But it is important to use an organizing system that feels comfortable for you otherwise it can be a distraction when you want to focus on what the job contact is saying to you during a discussion, she says.

Things to note in your diary should include information you can follow up on, Ms. Polischuk Diver says. Build a contact sheet for each person you deal with that includes key points discussed and personal information to help you build rapport, she recommends. The recruiter is planning a vacation to Europe, his kids are in a hockey league, she is an avid golfer. "It means a lot to people that you take your job search seriously enough to recall that personal information," Ms. Polischuk Diver says.

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Make sure you flag what has to be done next to move the process forward, recommends Ottawa-based career strategist Maureen McCann, senior consultant to the Graham Management Group in Toronto.

"Too often people have a conversation and it goes well and then nothing happens because they don't have anything to prod you to take the next move. You can take control of the process by tracking when you sent a thank-you note, when you agreed that you would follow up and what you talked about, so you can anticipate an opening to make another approach," she says.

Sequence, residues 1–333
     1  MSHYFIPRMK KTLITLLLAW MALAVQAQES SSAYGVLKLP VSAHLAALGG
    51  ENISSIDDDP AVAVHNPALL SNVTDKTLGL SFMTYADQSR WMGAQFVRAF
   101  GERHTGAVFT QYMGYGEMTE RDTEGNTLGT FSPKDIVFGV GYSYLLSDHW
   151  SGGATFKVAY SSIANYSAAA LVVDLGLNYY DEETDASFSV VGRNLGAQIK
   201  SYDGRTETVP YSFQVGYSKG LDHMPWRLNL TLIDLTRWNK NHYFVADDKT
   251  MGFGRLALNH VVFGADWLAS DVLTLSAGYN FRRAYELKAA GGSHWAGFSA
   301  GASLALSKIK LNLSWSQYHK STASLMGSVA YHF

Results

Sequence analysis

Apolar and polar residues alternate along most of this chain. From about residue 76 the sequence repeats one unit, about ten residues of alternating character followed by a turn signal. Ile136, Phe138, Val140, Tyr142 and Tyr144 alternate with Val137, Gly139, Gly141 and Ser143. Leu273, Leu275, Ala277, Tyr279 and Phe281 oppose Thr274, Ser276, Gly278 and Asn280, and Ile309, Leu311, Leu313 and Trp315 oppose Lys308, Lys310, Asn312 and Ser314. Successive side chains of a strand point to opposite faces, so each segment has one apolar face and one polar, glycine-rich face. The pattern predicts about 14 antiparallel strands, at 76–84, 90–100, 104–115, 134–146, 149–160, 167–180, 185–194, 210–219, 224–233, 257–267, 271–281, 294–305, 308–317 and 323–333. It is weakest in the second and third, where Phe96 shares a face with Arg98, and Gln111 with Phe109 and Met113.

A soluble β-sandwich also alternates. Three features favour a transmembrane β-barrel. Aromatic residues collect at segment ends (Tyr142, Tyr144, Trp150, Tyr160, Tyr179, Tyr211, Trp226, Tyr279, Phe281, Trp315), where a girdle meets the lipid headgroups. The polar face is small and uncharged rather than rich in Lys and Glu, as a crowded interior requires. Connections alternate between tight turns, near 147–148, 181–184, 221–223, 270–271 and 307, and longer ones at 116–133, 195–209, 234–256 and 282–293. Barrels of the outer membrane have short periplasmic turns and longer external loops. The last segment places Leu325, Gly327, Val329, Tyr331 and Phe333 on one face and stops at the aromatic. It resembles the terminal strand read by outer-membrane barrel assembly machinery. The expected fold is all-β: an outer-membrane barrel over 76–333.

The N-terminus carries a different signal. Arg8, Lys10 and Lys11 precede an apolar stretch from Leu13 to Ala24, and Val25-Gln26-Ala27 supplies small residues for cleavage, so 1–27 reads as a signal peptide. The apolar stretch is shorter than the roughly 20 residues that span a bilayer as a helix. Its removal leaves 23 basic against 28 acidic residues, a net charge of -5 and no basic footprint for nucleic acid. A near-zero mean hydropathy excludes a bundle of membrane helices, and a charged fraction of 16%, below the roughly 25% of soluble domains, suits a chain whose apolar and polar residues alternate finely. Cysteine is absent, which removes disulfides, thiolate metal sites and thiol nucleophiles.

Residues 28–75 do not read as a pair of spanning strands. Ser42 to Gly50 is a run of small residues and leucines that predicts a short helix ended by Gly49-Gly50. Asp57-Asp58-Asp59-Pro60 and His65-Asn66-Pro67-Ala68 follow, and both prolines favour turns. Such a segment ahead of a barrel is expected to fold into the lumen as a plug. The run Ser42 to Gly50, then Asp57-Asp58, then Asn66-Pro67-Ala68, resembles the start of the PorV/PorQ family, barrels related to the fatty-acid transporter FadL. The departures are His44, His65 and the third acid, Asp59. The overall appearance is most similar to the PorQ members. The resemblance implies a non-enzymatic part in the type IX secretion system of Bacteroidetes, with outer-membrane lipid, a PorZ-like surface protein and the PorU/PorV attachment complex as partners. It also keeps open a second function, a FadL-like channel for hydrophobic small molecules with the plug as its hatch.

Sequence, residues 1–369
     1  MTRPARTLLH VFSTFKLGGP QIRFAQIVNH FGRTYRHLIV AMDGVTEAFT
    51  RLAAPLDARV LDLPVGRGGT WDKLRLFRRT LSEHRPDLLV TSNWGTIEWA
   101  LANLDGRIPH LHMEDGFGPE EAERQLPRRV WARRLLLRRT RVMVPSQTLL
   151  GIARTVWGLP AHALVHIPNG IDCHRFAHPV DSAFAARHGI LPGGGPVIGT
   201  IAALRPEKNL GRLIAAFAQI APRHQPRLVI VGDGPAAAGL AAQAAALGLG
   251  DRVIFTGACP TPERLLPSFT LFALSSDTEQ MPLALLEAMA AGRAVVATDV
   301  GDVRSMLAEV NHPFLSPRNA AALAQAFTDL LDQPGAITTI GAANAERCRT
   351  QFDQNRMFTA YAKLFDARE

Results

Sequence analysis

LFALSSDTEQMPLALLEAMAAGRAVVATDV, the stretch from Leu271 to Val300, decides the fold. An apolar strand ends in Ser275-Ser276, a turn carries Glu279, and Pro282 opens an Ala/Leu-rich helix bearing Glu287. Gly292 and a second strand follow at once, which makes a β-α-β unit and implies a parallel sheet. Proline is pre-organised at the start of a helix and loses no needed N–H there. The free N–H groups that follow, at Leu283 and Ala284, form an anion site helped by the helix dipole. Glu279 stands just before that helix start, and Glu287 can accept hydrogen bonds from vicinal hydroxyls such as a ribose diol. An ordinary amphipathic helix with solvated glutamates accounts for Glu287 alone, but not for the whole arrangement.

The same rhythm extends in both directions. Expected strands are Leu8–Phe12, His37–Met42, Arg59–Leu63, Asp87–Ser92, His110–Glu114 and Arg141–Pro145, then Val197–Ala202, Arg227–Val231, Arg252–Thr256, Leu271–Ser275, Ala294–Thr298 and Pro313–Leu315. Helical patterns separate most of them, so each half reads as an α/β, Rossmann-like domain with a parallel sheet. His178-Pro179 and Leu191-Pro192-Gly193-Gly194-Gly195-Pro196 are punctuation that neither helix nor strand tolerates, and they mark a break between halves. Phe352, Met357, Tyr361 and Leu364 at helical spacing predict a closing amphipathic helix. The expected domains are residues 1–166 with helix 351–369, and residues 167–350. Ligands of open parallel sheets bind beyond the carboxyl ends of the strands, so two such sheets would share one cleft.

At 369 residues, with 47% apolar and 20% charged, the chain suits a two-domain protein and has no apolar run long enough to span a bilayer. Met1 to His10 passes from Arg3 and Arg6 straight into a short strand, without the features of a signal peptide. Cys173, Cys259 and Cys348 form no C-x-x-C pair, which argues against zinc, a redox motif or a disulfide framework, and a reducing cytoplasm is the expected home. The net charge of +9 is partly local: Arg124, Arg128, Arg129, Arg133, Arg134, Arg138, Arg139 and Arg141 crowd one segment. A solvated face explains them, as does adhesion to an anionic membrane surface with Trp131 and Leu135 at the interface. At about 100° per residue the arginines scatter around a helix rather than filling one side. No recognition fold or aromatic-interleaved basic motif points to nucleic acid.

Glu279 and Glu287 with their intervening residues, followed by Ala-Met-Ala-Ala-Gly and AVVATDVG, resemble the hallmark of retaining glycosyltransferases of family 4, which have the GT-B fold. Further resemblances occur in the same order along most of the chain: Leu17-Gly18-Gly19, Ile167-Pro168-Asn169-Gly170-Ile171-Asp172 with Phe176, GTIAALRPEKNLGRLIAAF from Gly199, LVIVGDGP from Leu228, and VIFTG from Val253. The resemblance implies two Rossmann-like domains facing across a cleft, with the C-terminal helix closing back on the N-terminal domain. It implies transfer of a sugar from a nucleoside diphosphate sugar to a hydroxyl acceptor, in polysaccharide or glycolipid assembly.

"I recommend the minute you get out of the meeting, sit down and write down things that went well and impressions of things that you could have improved on," Ms. McCann says. Jotting down what things you didn't know and what questions surprised you will help you frame an answer for your next discussion, as will notes about what you learned about the company's challenges and priorities.

All of this helps keep the conversation going, says executive coach Wayne Pagani, principal of WP Consulting Associates in Ottawa and also a senior consultant to the Graham Management Group.

"On a computer I personally like to file copies of information in folders in a couple of different categories and also put all the information you need on your calendar so you are prepared for the scheduled meeting. Set a reminder and it all pops up ready ahead of schedule," he says.